But in the end, we changed nothing. Our twin religions of humanism and technology, it turned out, were not enough to make us, and our culture, over into something we, and it, were not.
So now I’m a skeptic about our ability to change. I recognize its imperative. I can imagine and appreciate its possibility. And I think about the leapfrogs that were made, from the generation of my grandfather, an enlightened and conservative depression-era survivor (and, like me, a bird-watcher); to the generation of my father, a progressive and an explorer who is still today generous to a fault; to my generation; to that of my lovely children, utterly caught up, like the middle generation of that Chinese-Canadian family in the dentist’s office, with the immediate needs of the moment, raising their own families in a deeply troubled economy; to the generation of my extraordinary grand-daughters, who are learning, exploring, discovering what their world is about, and who are not yet ready for the terrible lessons I have for them about their future.
My grand-daughters’ culture is as different from mine as mine was from my grandfather’s and from that Chinese-Canadian family’s. Yet somehow, in the ways that are important, these cultures are indistinguishable. Almost as much as ‘we’ are mere servants of our bodies, so too are we co-prisoners of our culture. Noam Chomsky has said that all human languages are so astonishingly similar that an alien ethnographer would have absolutely no doubt that we all came from a single ancestor. Anthropologists are flabbergasted that human groups so utterly separated by time and space have evolved such staggeringly similar cultures, quite independently. Our culture, with its local variations that cause us so much conflict, is becoming more homogeneous and undifferentiated, and hence poorer and less adaptable, less capable of complex change, every day. Rather than liberating us from doing what we must, and enabling us to do what we can and what is imaginable, our culture is instead our bodies’ evolutionary servant. Our bodies evolved our brains to invent culture because without it we would have perished. To see human culture and ‘consciousness’ as anything more than an evolutionary survival mechanism is a colossal, collective conceit, an exercise, like belief in The Rapture, in magical thinking. As Eliot said, “Human kind cannot bear very much reality”.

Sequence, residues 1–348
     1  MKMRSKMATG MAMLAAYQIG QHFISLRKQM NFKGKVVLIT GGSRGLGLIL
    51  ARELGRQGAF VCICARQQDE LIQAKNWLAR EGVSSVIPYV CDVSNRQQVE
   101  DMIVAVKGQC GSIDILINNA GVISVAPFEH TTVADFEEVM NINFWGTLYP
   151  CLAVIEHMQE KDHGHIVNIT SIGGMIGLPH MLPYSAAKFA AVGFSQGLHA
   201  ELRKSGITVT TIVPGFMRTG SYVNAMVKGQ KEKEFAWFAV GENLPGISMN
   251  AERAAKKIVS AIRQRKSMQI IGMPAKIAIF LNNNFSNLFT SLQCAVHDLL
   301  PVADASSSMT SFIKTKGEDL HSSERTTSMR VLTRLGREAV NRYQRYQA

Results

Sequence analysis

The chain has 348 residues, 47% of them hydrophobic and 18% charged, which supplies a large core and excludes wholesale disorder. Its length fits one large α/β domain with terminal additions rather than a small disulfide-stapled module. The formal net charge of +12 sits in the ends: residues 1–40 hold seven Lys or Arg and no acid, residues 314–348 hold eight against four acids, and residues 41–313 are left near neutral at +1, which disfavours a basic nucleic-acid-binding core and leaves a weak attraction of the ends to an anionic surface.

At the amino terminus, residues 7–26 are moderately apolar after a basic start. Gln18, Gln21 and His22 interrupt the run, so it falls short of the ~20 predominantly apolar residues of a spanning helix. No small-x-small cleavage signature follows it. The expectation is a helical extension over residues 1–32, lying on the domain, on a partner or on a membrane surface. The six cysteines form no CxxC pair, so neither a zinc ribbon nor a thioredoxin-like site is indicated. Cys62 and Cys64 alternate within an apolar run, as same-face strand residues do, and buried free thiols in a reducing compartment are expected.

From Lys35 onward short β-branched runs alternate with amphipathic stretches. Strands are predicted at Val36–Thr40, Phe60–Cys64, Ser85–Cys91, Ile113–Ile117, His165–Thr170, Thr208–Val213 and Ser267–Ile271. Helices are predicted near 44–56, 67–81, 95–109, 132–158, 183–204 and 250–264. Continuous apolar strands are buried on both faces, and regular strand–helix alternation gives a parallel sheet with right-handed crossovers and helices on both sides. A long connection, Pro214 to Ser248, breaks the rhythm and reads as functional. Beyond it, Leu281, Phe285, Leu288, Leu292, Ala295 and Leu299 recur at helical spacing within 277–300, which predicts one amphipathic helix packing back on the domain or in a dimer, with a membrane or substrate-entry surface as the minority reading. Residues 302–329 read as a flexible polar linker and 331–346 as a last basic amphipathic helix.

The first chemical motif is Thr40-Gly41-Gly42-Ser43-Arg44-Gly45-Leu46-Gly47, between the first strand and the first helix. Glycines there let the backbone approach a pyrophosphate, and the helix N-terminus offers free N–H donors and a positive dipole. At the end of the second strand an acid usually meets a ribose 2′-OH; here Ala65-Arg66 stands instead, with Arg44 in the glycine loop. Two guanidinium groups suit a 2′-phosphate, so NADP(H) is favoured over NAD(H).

So we go on doing what we must. Rising and groaning and going to work. Sublimating our dreams and intuitions and imaginations. Looking after the needs of the moment. Invading Iraq and tomorrow Iran to feed the inextinguishable hunger for the ‘food’ that nourishes our fragile bodies and keeps us in the evolutionary gene pool. Distracting ourselves to death with useless information and desperate consumption and flimsy entertainments. Exploding in numbers and despoiling and impoverishing the Earth. Generation after generation, being what we are, and doing what we do.
The answer is, ironically, not striving for impossible, collective change, but rather becoming more truly human. Connecting better, more authentically to each other and to nature. Learning everything we can; learning to be useful, to be a part. Becoming more aware, more sensual, more instinctive, more generous, more in touch with ‘our’ bodies and hence ourselves. Taking delight in small pleasures. Living on the Edge. Slowing down and paying attention and living in the moment, undistracted. Refusing to be being everyone else in our culture.
That will not save us, but it will give our lives meaning and purpose. Inthe end, I think, that is all there is, and all that can be asked of us.